The Ultimate Fighter
"I'm still fighting. I used to fight on the same card as Dan Severn, and Mark Coleman. So I'm like a young dinosaur.” -Vitor Belfort
Vitor Belfort is smiling a lot these days. He may very well be the most dangerous smiling man in the world at the moment. Does he see something in the seemingly unbeatable Jon Jones like Max Schmeling saw something in Joe Louis back in 1936? Does he finally feel like fighting for the light heavyweight championship on short notice is the pressure-free situation he has waited his entire career for?
As Saturday night turns into Sunday morning this weekend, we will have an answer, but for now, we’ll have to be satisfied with Belfort’s words as he prepares for battle. Only to him, it’s not a battle, a war, a fight to the finish; it’s something a lot more, well, joyous than that.
“I have peace in the process, and I have joy in the journey,” said Belfort on a recent media teleconference. It’s not what you usually hear from a fighter before what could be the most important fight of his career, but the Brazilian has never fit the stereotypical mold that many place prizefighters in.
He was the prototype though. 19 years old, fast, powerful, could knock you out with either hand, and submit you as well. Add in matinee idol looks, and Belfort was Hollywood’s version of a fighter. In the real world though, his enormous early potential got disheveled along the way at times, as key losses at key times, contractual issues, and various other setbacks kept him from the greatness that should have been his before the age of 25. But just as he would get written off, he would win a big fight, take a title, score a spectacular knockout, and all was forgiven, at least for the night. And unlike most of his peers from those early days, Belfort is still here, still relevant, and still standing.
“Every day is a different day,” he said. “Every season is a different season. So when I look back and I look at myself in the past, I see how much I’ve grown in stature with maturity, wisdom, and that's it. I try to enjoy rejuvenating myself, looking at these young fighters and enjoying the process right now, you know, enjoying the today.”
In other words, as much as his fans and many in the media want to bring the 19-year-old Vitor Belfort back, he’s gone, replaced by a mature family man of 35 who still has the hunger to be great. Only this time, he isn’t letting it consume him. So when message boarders wonder why he’s smiling on fight week and making assumptions that their favorite fighter isn’t ready for Saturday’s main event, they should look back to the times when Belfort was ultra-serious and seemingly overtaken by the moment, with his performances reflecting that. Today, that’s not the case, and he admits it.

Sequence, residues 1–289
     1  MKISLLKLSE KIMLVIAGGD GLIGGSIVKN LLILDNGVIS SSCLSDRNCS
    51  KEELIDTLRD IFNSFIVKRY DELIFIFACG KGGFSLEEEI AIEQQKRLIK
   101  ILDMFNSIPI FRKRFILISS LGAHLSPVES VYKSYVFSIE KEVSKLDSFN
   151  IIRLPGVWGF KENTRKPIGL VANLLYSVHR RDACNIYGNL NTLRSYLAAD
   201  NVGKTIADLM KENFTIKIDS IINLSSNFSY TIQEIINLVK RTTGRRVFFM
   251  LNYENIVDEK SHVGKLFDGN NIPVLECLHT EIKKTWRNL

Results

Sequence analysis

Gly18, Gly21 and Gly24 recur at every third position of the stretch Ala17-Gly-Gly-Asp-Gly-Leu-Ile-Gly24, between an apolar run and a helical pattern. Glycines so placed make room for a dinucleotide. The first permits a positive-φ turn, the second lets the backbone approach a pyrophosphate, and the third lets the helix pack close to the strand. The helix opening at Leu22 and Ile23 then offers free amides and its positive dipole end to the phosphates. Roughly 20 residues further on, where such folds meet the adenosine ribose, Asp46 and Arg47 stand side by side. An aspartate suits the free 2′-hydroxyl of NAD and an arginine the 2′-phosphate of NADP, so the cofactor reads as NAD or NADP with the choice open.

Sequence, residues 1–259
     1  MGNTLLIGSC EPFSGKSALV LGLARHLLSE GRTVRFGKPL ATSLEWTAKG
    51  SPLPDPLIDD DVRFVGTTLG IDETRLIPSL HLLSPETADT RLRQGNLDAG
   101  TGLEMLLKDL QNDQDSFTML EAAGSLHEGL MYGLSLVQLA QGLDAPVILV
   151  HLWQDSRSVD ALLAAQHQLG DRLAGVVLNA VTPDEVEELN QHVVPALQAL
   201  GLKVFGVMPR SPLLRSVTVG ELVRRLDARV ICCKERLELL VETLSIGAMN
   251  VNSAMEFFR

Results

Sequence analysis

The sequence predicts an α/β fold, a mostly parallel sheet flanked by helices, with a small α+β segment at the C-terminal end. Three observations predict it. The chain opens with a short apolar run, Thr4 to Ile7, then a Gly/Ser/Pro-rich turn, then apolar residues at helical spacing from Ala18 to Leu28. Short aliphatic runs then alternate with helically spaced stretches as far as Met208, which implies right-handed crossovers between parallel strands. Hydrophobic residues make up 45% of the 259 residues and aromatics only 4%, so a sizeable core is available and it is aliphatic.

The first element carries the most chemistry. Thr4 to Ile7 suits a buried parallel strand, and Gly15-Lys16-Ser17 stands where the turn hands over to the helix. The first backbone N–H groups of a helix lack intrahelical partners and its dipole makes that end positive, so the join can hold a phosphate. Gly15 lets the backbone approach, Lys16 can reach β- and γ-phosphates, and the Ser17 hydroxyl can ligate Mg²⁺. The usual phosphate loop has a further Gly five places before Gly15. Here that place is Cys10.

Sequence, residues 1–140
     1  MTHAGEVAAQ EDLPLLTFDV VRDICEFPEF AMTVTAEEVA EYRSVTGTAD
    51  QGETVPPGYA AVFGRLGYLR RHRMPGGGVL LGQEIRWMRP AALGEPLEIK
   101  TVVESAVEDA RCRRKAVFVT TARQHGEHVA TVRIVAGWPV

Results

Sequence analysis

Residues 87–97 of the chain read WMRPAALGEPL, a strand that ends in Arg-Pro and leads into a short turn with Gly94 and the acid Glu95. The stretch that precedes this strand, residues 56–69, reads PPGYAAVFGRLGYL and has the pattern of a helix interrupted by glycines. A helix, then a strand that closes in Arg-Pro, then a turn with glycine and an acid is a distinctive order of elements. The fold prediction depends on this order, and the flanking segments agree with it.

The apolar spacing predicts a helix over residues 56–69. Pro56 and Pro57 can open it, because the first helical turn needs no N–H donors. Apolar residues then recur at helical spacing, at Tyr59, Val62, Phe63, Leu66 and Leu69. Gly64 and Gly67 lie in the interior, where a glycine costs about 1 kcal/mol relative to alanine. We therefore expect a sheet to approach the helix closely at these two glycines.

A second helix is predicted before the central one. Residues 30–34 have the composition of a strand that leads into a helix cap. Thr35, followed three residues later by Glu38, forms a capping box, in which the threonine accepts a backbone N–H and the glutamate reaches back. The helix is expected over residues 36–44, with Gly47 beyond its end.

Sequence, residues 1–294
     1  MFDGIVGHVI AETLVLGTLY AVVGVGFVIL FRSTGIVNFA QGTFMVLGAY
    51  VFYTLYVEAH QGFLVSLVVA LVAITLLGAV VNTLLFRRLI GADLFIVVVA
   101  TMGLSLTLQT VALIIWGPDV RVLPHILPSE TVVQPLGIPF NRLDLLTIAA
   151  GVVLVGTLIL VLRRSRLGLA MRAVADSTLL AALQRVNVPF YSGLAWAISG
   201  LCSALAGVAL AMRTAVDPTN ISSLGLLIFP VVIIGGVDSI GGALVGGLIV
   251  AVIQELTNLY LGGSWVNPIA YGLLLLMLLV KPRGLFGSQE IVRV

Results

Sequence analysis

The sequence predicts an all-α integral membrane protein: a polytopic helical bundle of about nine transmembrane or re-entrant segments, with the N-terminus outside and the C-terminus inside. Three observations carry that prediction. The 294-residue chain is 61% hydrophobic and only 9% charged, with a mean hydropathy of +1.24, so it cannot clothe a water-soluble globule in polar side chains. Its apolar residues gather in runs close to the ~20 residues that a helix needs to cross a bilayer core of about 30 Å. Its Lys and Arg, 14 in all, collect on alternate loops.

“Now, I fight not for the fame, not for the money, not for the position; I fight for the pleasure,” he said. “It's a joy. I remember the times that I had pressure in the past, thinking, you cannot lose, you have to represent your team. Now I'm just there, having fun. So for me, fighting Jon Jones, I never in my life had an idea that I would be fighting on the high level that I'm still fighting. I used to fight on the same card as Dan Severn, and Mark Coleman. So I'm like a young dinosaur.”
And that young dinosaur was the one who stepped up to fight Jones after Dan Henderson was forced out of the title bout (originally scheduled for September 1st) due to injury, Chael Sonnen was turned down as a possible foe by the Jones camp, and several other fighters refused to take the match. Belfort didn’t accept it; he asked for it.
Already in training for a UFC 153 bout in October against Alan Belcher, Belfort is coming off back-to-back finishes of Yoshihiro Akiyama (at middleweight) and Anthony Johnson (at 197 pounds), and while he has shown flashes of his younger days and he still has the speed and power that made him famous, he’s also more patient and more mature in the Octagon, a development that keeps him among the top contenders in the game.
“You cannot be negligent in the science,” he said. “You cannot be negligent in the evolution. You have to evolve, you cannot stay the same. You have to see further, use your experience in the right moment and make it better. That's how Olympic athletes break records. So you cannot think you know everything. You have to be open-minded. You have to be wise.”
You also have to get pushed in the gym every day, and that’s what’s been happening in South Florida as Belfort got ready for the Jones fight with his new team, the Blackzilians.
“I came here, I started training, and I loved it,” said Belfort. “It's a great fit for me. You know, I love training with amazing athletes and champions - K-1 champions, MMA champions - and they have the Brazilian culture here. This team is amazing and you have a lot of young future champions here. So it's good to be in the mix, training with high level people. I love it. This is like being in the Disneyland for me.”
Few, if any, people would describe getting pushed to the limits by a team that sports the likes of Rashad Evans, Tyrone Spong, Henri Hooft, and Alistair Overeem as Disneyland, but maybe that’s just the point. Maybe that’s why he’s smiling. After years and years of being told what he’s supposed to do and who he’s supposed to be, Vitor Belfort is enjoying the idea of doing what no one thinks he can.
“I go there and I don't have any pressure, just joy,” he said. “I’ll be happy, smiling every moment of the fight. It doesn't matter what type of position I'm in, it doesn't matter what I go through. I went through the hardest things in life, in the professional life and on the personal level. So it's a joy. I learned how to be happy even when I'm sad. So it's going to be a great challenge for myself. I love challenges.”